Live from the Toronto Film Festival: Wednesday, Sept. 10


I had a six-movie day on Wednesday at the Toronto International Film Festival that started with Adam Sandler and ended with Madame Bovary. Soup to nuts, as it were, not necessarily in that order.

In most respects, it was a day full of surprises, filled with movies where, beyond the name of the director or stars (and perhaps a single plot line), I went in knowing nothing at all about most of them. Which, to my way of thinking, is always the best way to see and judge a film.

Of course, I knew the story of Madame Bovary, but this version by Sophie Barthes had a couple of things to recommend it, starting with Mia Wasikowska in the title role and extending to the electric Ezra Miller as Leon Dupuis and Logan Marshall Green as the marquis with whom Emma launches an affair.

Barthes' film captures the ennui and sameness that engulfs the days of the young wife of a country doctor, who had not counted on being stranded in the provinces when she married him. Wasikowska (as well as Miller and Green) brings a youthful impetuousness to the character, a resentful sense of entitlement that gives way to the headiness of lust. This is a Bovary who is not particularly likable, but who understands the game, even as she shreds its rules and pays the price.

Entitlement is also an issue in Noah Baumbach's wonderfully acidic While We're Young, which captures a pair of Gen-Xers, Josh and Cornelia (Ben Stiller and Naomi Watts), at a crisis point. All of their friends are having babies and they can't; meanwhile, Josh feels as though he hasn't reached his potential as a filmmaker and is about to have a midlife crisis.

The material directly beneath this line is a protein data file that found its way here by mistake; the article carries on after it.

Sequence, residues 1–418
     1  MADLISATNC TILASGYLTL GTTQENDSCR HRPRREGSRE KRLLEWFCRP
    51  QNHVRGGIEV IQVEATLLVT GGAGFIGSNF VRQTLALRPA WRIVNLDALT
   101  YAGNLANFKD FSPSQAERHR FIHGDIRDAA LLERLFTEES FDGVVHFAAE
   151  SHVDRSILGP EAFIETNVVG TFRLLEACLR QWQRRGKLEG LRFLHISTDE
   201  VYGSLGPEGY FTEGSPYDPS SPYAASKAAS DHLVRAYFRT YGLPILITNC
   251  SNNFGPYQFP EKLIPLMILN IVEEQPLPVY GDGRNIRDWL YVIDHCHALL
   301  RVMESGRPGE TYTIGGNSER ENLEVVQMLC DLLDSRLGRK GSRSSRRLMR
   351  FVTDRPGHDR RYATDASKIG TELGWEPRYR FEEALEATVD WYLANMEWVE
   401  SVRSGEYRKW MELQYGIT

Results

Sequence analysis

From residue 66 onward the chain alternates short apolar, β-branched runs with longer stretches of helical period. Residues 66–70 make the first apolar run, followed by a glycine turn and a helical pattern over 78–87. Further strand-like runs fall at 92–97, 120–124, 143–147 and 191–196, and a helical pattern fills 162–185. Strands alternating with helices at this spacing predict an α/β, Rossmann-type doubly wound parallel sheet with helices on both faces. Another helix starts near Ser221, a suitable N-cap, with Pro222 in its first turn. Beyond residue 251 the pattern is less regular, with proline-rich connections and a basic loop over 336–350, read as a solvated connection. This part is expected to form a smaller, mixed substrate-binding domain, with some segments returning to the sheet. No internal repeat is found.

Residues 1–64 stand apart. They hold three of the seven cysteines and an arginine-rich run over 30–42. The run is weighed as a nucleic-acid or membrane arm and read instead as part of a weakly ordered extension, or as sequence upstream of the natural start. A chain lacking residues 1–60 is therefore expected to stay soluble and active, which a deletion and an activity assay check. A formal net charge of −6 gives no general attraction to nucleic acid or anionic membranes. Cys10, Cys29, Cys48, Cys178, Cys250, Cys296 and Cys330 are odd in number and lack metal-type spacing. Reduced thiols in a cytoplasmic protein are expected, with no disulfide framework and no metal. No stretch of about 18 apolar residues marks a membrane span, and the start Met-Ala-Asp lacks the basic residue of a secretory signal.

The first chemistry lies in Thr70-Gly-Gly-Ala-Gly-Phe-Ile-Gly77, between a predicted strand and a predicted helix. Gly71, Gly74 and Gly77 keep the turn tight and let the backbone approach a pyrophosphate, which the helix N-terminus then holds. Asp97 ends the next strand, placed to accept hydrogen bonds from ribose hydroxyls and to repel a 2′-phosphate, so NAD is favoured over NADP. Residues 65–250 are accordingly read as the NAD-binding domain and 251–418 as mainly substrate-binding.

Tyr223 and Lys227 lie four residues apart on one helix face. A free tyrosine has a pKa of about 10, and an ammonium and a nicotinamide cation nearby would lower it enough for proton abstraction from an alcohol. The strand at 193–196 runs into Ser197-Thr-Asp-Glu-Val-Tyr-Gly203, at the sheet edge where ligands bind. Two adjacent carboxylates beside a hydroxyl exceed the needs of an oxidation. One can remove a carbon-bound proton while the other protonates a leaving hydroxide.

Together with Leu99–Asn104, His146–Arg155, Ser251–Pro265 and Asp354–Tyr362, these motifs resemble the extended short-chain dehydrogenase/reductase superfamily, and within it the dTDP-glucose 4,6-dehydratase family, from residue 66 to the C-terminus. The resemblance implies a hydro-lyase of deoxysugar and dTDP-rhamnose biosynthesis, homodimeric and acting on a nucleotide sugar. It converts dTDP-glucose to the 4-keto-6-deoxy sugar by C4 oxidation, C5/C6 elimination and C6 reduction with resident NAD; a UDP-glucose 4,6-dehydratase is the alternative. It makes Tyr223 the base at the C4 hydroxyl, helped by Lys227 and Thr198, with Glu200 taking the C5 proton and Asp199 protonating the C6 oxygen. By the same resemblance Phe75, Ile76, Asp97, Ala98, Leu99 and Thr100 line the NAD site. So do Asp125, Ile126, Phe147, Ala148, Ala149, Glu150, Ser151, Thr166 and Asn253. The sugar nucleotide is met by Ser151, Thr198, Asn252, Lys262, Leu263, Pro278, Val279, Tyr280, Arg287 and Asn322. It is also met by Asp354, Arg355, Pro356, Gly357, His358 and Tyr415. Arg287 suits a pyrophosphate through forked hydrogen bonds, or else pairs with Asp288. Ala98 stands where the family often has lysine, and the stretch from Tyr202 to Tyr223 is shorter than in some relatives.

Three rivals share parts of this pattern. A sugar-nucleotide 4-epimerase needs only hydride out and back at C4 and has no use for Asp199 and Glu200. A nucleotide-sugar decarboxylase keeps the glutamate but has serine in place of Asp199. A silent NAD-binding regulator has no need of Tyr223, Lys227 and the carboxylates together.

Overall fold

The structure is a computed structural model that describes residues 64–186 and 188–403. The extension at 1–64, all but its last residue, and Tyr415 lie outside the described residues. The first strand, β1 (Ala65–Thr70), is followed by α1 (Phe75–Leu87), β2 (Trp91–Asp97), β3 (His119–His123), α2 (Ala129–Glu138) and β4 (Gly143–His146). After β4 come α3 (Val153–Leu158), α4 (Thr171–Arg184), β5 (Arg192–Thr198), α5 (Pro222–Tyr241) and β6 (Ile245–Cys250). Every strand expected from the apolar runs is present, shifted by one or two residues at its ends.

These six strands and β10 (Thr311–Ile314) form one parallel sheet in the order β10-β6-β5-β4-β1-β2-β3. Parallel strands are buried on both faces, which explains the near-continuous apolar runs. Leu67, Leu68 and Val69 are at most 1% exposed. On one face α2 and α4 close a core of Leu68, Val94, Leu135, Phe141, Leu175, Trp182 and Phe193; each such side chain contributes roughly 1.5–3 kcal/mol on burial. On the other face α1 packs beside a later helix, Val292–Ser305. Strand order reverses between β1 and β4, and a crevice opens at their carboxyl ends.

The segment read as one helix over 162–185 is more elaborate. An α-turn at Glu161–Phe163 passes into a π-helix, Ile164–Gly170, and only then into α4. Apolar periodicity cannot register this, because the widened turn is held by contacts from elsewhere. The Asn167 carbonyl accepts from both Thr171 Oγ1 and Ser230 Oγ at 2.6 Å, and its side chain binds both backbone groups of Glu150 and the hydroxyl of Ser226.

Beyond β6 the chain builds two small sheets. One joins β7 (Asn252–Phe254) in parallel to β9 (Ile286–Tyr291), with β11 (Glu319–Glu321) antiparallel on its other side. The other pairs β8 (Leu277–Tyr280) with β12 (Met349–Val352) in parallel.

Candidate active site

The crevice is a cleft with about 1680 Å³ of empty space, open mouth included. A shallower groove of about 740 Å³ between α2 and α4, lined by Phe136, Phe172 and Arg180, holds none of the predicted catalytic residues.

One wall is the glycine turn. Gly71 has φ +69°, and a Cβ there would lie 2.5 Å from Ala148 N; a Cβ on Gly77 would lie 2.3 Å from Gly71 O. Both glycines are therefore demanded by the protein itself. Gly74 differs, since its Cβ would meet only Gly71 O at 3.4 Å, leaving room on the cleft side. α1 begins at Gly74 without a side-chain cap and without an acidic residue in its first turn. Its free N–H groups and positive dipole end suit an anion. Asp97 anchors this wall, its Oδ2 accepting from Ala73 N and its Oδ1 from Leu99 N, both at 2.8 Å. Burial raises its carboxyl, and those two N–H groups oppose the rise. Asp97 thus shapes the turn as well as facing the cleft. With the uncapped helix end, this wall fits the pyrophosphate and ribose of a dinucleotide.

So he tries to avoid it by becoming pals with a pair of millennials, Jamie and Darby, played with delicious looseness by Adam Driver and Amanda Seyfried. The younger couple lives in Bushwick and their pointedly hipsterish choices suddenly seem cool and new to Josh and Cornelia (instead of pretentious and half-baked), because they're in full denial about just how old they've become. It's a sharply observed social comedy about changing tastes ("I remember when The Goonies was just a bad movie") and shifting standards, as seen by someone who is clinging desperately to what he knows and believes, even as a new generation dismisses it out of hand.

Isabel Coixet's Learning to Drive, which reteams Ben Kingsley and Patricia Clarkson from Coixet's 2008 Elegy, is the kind of audience-pleasing film that regularly used to break out of a festival like Toronto into the mainstream.

This review continues on my website.